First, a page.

NHS figures show that around one in three adults over 65 falls at least once a year, says physiotherapist Katie Knapton, while half of people over 80 fall at least once a year. In 2013, figures from the National Institute for Health and Care Excellence estimated they cost the NHS more than £2.3 billion each year.
“Not all falls result in serious injury, but it’s a concern that’s best addressed in our 40s and 50s, a time when we also lose muscle strength,” said Knapton, who has more than 30 years of experience at King’s College Hospital and Guy’s Hospital, the founders of the private online physical therapy service PhysioFast Online.
Balance and strength are linked. “We use our ability to constantly balance without realizing it to stay upright,” she explains. But we neglect it at our peril. “For example, if you fall later in life and break your hip, your mobility can decrease dramatically.
“It’s especially important for peri-menopausal women to work on balance control and strength training to reduce the likelihood of later falls because at this point in life women are losing bone density, muscle mass and strength due to a natural decline in estrogen. “
The good news, says Knapton, is that our brains and bodies are remarkably adaptable, so we can all work on our balance at any age to delay and reduce the risk of falling. “Whether we’re nine or 100, we just have to keep at it and keep working at it,” she urges. That’s why a 2019 report by the Center for Aging Better called for the adoption of accessible strength and balance programs for older adults in local communities.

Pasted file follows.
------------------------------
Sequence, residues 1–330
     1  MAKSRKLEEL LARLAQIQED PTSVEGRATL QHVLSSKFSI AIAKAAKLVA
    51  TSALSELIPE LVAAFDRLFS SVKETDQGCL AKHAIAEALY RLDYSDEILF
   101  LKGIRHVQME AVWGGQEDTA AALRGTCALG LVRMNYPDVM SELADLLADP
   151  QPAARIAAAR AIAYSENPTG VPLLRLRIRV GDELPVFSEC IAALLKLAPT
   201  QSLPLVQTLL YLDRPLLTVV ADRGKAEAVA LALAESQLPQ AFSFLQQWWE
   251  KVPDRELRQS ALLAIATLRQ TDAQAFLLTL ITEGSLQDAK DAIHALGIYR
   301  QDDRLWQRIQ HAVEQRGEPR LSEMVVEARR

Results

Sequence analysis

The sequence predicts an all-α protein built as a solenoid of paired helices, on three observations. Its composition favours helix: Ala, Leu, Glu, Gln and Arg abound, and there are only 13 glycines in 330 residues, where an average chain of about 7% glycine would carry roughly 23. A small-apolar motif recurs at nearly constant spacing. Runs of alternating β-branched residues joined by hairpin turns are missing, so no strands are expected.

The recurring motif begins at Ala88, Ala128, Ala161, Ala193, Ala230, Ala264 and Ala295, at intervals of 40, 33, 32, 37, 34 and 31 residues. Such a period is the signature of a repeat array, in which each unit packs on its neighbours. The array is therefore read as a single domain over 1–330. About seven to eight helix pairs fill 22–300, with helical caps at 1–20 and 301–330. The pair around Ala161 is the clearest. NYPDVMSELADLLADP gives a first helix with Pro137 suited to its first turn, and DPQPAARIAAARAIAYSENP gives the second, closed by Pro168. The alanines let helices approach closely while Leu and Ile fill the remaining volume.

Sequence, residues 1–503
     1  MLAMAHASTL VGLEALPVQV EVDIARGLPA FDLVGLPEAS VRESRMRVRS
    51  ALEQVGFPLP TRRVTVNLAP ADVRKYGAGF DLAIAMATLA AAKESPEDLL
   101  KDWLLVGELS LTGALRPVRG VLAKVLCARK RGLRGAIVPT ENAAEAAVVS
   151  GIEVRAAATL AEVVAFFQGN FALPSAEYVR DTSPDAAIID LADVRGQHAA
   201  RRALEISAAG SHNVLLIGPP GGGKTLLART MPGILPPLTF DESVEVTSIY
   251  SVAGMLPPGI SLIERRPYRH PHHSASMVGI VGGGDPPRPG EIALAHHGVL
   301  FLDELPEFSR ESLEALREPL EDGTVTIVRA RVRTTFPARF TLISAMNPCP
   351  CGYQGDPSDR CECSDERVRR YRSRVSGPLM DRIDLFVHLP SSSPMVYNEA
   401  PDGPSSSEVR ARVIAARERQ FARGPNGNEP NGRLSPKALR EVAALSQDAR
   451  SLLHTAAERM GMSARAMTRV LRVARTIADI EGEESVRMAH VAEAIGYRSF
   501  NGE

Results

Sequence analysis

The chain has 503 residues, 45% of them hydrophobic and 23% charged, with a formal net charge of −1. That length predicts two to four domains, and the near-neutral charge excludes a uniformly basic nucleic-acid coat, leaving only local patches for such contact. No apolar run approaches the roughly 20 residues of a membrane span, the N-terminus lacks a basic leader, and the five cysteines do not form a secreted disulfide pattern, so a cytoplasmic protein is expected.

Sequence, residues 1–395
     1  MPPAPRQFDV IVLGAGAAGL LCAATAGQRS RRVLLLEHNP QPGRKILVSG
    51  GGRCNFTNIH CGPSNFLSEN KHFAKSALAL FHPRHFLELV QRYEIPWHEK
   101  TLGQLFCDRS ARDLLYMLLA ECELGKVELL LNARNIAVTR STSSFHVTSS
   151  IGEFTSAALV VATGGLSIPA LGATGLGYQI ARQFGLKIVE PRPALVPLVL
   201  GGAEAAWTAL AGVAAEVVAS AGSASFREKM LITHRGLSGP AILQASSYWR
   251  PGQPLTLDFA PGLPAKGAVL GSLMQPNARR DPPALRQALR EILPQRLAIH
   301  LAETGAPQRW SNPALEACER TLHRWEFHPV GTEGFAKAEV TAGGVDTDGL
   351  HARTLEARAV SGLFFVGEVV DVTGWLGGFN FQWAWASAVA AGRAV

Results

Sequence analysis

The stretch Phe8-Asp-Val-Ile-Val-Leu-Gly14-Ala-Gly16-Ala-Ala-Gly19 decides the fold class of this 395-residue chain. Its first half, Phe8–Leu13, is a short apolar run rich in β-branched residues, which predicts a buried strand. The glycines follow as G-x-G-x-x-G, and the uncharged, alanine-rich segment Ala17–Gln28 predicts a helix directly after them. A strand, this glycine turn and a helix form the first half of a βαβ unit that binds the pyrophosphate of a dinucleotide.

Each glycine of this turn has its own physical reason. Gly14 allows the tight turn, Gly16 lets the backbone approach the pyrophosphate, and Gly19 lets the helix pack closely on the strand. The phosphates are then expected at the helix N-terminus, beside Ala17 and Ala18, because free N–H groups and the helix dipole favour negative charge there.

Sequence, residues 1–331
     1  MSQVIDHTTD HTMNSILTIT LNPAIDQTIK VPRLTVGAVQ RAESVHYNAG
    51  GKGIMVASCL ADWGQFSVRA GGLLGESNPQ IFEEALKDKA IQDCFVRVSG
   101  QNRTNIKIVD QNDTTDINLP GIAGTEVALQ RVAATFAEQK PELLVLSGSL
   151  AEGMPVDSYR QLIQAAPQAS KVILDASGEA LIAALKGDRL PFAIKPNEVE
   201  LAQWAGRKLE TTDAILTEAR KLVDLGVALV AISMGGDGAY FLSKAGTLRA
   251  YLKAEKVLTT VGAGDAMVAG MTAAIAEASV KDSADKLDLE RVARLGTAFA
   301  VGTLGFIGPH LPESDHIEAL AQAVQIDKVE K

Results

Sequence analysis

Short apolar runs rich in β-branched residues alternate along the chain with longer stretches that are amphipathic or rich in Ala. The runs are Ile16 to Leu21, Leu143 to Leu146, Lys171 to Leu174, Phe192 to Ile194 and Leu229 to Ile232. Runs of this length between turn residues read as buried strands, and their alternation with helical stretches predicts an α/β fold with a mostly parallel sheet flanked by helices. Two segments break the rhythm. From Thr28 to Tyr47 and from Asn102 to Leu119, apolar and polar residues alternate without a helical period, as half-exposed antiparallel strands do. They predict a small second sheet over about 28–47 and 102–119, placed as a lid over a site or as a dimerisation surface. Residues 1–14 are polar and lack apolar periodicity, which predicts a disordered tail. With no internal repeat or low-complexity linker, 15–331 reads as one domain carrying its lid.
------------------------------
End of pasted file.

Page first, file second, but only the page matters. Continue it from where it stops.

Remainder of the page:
“As children, we fearlessly test our balance, falling and getting up. As we get older, we tend to get into a safe zone with our movements,” explains Knapton. “The worst thing that can happen as you get older is that you lose confidence in your balance because you have fallen or almost fell. Then you can fall into a cycle of moving less.
“People are getting weaker and thinking it’s inevitable and it really isn’t. If you can brush your teeth every day, you can work on your balance every day.”
The Best Ways to Build Your Strength in Your 50s
Public Health England specifically recommends Nordic walking as a balance-enhancing activity. Thanks to the added resistance of the poles, muscles and bones are also strengthened.
The UK Chief Medical Officers’ guidelines for good health cover four areas: cardiovascular activity, strengthening activities, reducing prolonged sedentary (sitting) time and activities to improve balance and coordination. Nordic Walking fulfills all these criteria.
Balance exercises without equipment
https://www.telegraph.co.uk/family/life/best-exercise-50s-how-improve-strength-fitness-stability-training-2022/ The best exercise for over 50s — to improve strength and brain power